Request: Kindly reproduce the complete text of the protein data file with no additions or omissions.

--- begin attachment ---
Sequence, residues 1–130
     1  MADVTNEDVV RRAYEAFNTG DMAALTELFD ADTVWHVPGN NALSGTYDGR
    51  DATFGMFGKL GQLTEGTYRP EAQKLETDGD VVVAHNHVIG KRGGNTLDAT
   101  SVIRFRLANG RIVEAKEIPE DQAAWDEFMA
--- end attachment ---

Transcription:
Sequence, residues 1–130
     1  MADVTNEDVV RRAYEAFNTG DMAALTELFD ADTVWHVPGN NALSGTYDGR
    51  DATFGMFGKL GQLTEGTYRP EAQKLETDGD VVVAHNHVIG KRGGNTLDAT
   101  SVIRFRLANG RIVEAKEIPE DQAAWDEFMA